Mary Poppins, one of the most beloved films and characters of all times, returns as a sequel this Christmas season.
Based on the book series by, P. L. Travers from 1922, the premise of the story is that a nanny with supernatural abilities mysteriously finds the Banks family, in turn of the century London, who are in need of a combination of discipline, compassion and magical adventures.
This whimsical musical sequel, directed by Rob Marshal, offers colorful costumes, mesmerizing special effects and inspiring music, which all translate into the extraordinary movie experience living up to its predecessor- the original 1964 movie, which starred the lovely Julie Andrews as Mary Poppins and Dick Van Dyke as Bert, her sprightly Chimney sweeping friend.
Similarly, this new version, staring the sassy Emily Blunt as Mary and Lin-Manuel Miranda as Jack, finds the second-generation Banks family, again in need of Mary’s special brand of enchantment.
Tidy, proper, well coifed and dressed, Mary has the ability to not only see below the surface, but also the ability of knowing just what to do.
She demands good manners, propriety, and pleasing presentation but offers joyful, heartfelt, full on wonder.
But where did the inspiration for the book come from? Like many children’s literature books, the story is filled deeper meaning and references to world’s religious and spiritual teachings.
Author Pamela Travers, born 1899 as Helen Lyndon Goff in Queensland, Australia, who later moved to England, was influenced by the poet, artist, and mystic, AE . He was a dominant figure in the Irish Literary renaissance that introduced her to the meaning of folklore, spirits and esoteric eastern religions, as well as the poetry of Nobel Prize winning WB Yeats.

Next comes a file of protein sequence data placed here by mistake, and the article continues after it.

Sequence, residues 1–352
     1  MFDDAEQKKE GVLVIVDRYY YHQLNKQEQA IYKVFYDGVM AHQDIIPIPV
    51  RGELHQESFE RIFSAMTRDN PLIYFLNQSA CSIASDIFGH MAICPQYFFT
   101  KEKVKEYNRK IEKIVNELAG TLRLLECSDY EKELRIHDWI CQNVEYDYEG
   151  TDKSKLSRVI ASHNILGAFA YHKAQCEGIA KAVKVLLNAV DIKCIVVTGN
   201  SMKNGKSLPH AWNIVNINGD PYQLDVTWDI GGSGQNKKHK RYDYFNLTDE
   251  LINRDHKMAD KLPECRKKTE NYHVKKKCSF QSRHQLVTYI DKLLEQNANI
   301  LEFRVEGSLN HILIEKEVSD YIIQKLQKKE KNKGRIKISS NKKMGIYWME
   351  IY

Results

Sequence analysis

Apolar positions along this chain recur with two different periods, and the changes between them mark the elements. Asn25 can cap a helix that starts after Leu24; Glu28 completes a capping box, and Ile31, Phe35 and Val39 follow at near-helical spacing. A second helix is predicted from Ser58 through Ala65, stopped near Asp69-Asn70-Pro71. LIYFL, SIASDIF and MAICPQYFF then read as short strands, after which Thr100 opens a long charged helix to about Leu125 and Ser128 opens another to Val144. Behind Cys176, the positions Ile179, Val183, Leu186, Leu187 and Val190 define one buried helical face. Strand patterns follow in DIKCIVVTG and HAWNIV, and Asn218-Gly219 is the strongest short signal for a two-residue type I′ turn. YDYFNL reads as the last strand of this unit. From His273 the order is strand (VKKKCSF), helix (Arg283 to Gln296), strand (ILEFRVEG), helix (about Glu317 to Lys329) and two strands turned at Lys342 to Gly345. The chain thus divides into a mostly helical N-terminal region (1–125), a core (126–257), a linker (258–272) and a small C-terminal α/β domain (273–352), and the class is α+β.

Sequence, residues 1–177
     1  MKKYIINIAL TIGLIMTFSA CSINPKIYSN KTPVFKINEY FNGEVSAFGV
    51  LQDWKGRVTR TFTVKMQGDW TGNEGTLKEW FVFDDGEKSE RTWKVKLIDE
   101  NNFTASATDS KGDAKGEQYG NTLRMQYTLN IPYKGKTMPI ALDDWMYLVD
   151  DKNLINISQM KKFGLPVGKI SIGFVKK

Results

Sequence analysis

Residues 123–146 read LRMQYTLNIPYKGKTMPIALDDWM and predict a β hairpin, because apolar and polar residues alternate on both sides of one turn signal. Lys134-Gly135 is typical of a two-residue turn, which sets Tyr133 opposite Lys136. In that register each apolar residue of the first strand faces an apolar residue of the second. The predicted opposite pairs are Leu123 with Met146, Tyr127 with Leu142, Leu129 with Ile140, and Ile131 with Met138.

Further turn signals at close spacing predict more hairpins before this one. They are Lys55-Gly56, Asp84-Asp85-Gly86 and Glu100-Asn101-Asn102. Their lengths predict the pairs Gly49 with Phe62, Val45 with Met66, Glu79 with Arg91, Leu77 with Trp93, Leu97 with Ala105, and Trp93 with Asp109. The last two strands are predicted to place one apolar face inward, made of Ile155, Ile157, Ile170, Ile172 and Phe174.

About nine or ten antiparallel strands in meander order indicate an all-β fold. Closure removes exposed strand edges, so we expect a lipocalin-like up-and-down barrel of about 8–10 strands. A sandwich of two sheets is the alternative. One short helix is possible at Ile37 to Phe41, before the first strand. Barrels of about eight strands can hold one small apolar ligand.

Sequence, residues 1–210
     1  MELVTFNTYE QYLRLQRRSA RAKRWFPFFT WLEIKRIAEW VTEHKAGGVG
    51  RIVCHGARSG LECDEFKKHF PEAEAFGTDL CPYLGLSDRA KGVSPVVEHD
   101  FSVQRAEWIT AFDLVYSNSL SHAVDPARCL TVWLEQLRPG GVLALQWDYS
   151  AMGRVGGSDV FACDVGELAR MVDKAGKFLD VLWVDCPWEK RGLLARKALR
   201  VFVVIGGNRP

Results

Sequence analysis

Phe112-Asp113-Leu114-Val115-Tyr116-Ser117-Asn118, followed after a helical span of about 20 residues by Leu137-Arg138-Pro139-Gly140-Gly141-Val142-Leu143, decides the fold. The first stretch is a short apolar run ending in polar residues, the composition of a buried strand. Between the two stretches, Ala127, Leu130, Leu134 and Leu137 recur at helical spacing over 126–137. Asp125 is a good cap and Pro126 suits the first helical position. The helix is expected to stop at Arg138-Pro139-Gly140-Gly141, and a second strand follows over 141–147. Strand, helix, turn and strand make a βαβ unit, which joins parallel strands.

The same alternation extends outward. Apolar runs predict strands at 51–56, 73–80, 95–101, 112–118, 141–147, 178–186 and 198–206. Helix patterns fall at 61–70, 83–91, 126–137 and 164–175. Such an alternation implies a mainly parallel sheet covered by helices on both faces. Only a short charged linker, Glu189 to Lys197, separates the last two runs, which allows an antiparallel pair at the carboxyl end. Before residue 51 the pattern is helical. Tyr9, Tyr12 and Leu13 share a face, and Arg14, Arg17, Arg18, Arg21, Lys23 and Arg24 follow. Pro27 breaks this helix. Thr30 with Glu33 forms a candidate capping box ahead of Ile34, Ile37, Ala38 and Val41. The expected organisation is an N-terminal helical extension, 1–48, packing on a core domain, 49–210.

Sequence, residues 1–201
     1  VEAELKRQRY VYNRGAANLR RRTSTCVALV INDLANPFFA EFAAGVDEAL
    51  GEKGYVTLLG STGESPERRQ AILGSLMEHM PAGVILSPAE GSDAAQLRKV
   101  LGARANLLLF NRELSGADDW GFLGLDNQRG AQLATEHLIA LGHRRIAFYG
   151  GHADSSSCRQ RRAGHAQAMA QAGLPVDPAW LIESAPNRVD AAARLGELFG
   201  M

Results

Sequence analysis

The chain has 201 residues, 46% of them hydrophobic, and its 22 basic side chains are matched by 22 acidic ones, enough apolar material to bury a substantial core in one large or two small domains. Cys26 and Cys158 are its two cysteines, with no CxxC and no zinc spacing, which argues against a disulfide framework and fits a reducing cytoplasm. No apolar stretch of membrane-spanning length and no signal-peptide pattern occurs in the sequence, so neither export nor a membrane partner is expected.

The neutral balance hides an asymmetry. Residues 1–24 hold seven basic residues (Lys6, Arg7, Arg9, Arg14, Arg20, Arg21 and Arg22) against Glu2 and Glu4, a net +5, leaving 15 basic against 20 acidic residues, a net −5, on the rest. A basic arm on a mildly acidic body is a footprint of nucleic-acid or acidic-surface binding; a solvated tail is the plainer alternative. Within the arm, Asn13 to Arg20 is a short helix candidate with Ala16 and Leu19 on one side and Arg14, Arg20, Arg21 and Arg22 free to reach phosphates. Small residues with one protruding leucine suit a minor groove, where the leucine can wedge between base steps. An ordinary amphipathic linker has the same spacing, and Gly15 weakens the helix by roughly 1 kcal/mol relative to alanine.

It is told that it was AE who suggested that Travers write stories incorporating her interest in fantasy by bringing inanimate objects to life.
Mary Poppins first appeared in a series of early stories written for children in 1926 seeded with ideas of mythology, allusions to the Bible, Greek deities and Sufi parables along with the works of William Blake, Zen Buddhism and beliefs about the Hindu goddess Kali.
In later years, Travers, who taught university courses on symbols and mythology, regarded Poppins as an embodiment of a ‘mother goddess’. Even the name Mary, perhaps suggests a connection with Mother Mary.
Like other deities from religious teachings, Mary Poppins comes from beyond the clouds when her help is needed.
“If ever I lose my way, I just look up”, says Mary’s friend, Jack, a city lamp lighter, like one might utter about spiritual matters, as he watches Mary Poppins fly down with the kite.
Mary Poppins too, has strong moral character, purity, and described as “practically perfect in every way”. Her maternal compassion, though she had no children of her own, is like that of a Greek virgin goddess with a divine being’s ability to perform miracles!
The young Annabel Banks says, “Everything is possible”, to which Mary Poppins responds, “Even the impossible”. And after her work is done, tending to matters of human suffering, she ascends heavenward